Apple Wins Patent for Assistive-Centric Technology that allows Motor-Impaired users to Navigate a Device's UI
Last Saturday Patently Apple posted a report titled "The Website of the Year interviewed Apple's Head of Accessibility who explained how the company is driven to Think Holistically" when designing accessibility software and hardware.
Sarah Herrlinger, Apple’s global head of accessibility sat down with UK's website of the year the "Evening Standard" for an interview. In the big picture, Herrlinger notes that "One of the great things about doing this kind of work at Apple is that the company controls its hardware, software and operating systems. We can infuse accessibility [features] across everything we do and do it in a really holistic way."
Yesterday Apple was granted an in-depth patent titled "Interface scanning for disabled users." The patent generally relates to electronic devices like a MacBook, iPad or iPhone for physically-impaired users and, more specifically, to electronic devices that allow a motor-impaired user to navigate a computer interface.
Apple notes at one point that a computing device like an iPhone could be further configured to select any of the elements in response to an input received by input device while the particular element is being scanned, thereby allowing a user to interact with any of the elements in the user interface using one or more inputs (e.g., button press, mouse click, tap on a touch sensitive surface, voice command, movement of a part of the users body, or the like). This is particularly useful for disabled users that are unable to operate input devices requiring motion and careful coordination, such as a keyboard, mouse, or touch sensitive display.
Apple's video below highlights what the patent described above. The use of their assistive technology called 'Switch Control' allows Ian MacKay to use his iPhone take a photo without ever having to touch the display.
Apple's patent further covers systems and processes for scanning a user interface. One process can include scanning multiple elements within a user interface by highlighting the elements. The process can further include receiving a selection while one of the elements is highlighted and performing an action on the element that was highlighted when the selection was received.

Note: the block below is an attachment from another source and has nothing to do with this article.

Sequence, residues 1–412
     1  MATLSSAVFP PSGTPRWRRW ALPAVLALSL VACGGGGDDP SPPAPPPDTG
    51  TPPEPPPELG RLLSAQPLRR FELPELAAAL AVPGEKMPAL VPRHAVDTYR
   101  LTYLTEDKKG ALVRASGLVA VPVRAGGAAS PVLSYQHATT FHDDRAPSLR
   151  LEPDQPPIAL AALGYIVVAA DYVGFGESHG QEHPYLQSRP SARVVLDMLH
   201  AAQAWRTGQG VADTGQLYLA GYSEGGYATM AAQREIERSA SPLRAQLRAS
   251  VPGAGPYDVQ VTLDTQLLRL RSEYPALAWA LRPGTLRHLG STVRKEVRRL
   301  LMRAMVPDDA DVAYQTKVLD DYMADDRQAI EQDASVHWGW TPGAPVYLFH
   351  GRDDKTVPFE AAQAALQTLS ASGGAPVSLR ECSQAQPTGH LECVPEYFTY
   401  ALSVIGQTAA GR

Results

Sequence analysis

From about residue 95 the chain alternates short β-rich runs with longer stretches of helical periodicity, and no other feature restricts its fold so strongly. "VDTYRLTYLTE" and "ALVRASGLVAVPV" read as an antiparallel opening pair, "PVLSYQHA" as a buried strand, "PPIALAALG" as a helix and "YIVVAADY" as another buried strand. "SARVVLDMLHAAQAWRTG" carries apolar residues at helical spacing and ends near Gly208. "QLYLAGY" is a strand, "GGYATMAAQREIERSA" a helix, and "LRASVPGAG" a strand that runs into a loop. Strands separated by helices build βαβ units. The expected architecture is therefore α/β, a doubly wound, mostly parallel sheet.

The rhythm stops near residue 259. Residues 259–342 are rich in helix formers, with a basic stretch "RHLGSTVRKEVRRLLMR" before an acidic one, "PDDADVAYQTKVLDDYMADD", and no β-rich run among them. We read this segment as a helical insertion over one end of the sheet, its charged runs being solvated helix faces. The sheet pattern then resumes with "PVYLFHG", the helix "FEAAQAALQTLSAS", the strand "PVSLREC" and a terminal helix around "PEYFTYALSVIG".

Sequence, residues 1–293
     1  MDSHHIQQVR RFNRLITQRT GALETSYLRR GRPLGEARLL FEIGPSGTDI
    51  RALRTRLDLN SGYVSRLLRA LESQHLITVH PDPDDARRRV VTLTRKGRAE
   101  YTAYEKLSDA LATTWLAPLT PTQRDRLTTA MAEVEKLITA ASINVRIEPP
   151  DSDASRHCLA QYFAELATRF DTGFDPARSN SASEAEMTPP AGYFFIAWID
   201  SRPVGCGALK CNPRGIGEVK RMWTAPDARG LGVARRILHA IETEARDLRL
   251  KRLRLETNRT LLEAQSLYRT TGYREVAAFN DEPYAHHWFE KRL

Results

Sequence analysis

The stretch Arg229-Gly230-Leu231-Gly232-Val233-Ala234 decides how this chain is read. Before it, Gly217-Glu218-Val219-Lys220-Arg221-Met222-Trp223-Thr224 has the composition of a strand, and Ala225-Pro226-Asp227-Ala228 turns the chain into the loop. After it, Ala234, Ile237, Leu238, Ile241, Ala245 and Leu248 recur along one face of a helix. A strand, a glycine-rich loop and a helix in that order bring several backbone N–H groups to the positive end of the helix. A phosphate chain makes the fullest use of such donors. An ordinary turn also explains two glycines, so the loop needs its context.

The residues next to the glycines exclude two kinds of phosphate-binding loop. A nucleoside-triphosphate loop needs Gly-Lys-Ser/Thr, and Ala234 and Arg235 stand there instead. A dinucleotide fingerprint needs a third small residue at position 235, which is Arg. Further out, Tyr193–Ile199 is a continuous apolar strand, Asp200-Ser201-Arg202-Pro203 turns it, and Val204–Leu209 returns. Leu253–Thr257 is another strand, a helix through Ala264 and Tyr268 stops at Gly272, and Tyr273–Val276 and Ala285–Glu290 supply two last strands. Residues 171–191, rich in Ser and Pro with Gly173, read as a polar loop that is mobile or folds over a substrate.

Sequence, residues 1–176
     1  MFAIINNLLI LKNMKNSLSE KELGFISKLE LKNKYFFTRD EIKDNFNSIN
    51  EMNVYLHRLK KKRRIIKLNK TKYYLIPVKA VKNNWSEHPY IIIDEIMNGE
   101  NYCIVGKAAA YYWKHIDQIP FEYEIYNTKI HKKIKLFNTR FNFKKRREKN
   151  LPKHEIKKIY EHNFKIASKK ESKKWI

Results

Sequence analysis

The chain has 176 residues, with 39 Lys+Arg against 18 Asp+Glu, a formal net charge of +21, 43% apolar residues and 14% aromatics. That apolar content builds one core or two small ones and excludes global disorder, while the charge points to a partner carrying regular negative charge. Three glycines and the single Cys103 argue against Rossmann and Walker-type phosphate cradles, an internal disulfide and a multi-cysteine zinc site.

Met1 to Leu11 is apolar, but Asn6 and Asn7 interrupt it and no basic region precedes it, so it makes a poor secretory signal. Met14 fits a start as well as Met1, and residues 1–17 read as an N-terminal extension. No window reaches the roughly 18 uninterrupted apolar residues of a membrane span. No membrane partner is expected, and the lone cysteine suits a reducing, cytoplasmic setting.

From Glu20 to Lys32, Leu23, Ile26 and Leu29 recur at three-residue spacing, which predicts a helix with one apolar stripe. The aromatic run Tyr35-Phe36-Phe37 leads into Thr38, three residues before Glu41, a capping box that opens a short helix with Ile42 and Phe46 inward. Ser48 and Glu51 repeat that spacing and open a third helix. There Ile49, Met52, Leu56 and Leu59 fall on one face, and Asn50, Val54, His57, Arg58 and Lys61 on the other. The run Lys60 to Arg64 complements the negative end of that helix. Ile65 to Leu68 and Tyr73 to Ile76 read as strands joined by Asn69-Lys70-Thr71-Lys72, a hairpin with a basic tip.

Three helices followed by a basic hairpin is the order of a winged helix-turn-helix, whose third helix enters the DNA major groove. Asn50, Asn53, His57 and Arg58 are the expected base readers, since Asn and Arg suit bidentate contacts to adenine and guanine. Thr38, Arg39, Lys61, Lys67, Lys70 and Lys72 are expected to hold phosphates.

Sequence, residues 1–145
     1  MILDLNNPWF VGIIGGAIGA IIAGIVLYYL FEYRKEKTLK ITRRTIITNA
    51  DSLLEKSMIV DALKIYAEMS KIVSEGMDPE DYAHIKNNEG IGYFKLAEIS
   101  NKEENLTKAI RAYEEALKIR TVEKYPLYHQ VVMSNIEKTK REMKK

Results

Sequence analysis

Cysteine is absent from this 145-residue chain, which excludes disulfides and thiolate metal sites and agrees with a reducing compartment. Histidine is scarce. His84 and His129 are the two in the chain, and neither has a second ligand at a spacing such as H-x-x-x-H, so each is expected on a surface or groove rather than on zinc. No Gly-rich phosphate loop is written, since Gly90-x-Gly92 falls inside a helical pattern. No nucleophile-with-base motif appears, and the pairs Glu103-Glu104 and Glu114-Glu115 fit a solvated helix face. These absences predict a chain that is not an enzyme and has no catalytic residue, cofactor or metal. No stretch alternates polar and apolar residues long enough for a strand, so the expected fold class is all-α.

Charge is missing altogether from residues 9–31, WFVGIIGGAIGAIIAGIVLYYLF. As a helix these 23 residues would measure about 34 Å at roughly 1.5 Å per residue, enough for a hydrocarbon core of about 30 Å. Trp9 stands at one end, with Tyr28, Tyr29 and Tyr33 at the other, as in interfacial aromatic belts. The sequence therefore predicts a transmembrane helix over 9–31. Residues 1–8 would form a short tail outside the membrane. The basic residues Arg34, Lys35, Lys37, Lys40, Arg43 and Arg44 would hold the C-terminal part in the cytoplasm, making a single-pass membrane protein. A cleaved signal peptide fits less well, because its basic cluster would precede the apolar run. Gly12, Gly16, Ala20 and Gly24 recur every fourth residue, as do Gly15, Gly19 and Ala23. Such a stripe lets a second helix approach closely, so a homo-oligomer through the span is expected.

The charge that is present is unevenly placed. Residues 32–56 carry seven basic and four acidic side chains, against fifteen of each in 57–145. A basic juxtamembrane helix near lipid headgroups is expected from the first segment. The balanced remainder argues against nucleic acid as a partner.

The action can include scanning the contents of the selected element or performing an action associated with the selected element. The process can be used to navigate an array of application icons, a menu of options, a standard desktop or laptop operating system interface, or the like. The process can also be used to perform gestures on a touch-sensitive device or mouse and track pad gestures (e.g., flick, tap, or freehand gestures).
Apple's engineering team has creatively worked to allow new kinds of user input to control an iPhone or iPad's interface for the disabled. Examples include using a breath sensor to measure air pressure blown into a straw to assist users select an item on screen; also an image sensor configured to detect movement of a user such a blinking or certain movements of the user's head to control a UI element; an IR proximity sensor configured to detect an object within a threshold distance from the sensor; and an audio sensor configured to detect a sound having a predetermined characteristic (e.g., volume, pitch, or the like), and more.
Apple's patent FIG. 5 below illustrates an exemplary process for defining and grouping elements of a user interface (including element menus); FIG. 6 illustrates an exemplary process for scanning elements of a user interface.
Apple's patent FIG. 19 above covers the use of process #600 of patent FIG. 6 that presents users with a gesture menu where they can select whether to use taps, flicks, pinches, pan, double tap, drag, freehand and adjust the number of fingers used to perform a gesture; FIG. 31 illustrates an exemplary interface #3100 that illustrates the operation of process #600 to perform freehand gestures from a menu; FIG. 51 illustrates an interface covering a virtual keyboard and menu for choosing alternative keys.
If this subject matter is of interest to you, then be sure to check out the full patent and its 54 patent figures here. Also be sure to check out Apple's Accessibility web page here for more on what areas that Apple is delivering solutions for those with disabilities.
Some of Apple's Inventors
Eric Seymour: Director, Accessibility Software Engineering
Darren Minifie: Engineering Manager, iOS Vision Accessibility
Patti Hoa: Software Engineering Manager
Clare Kasemset: Software Engineer: develops accessibility iOS solutions
Gregory Hughes, PhD: Software Engineering Manager, Accessibility Products
Ian Fisch: iOS Accessibility Software Engineer
Chris fleizach: Human (that's it)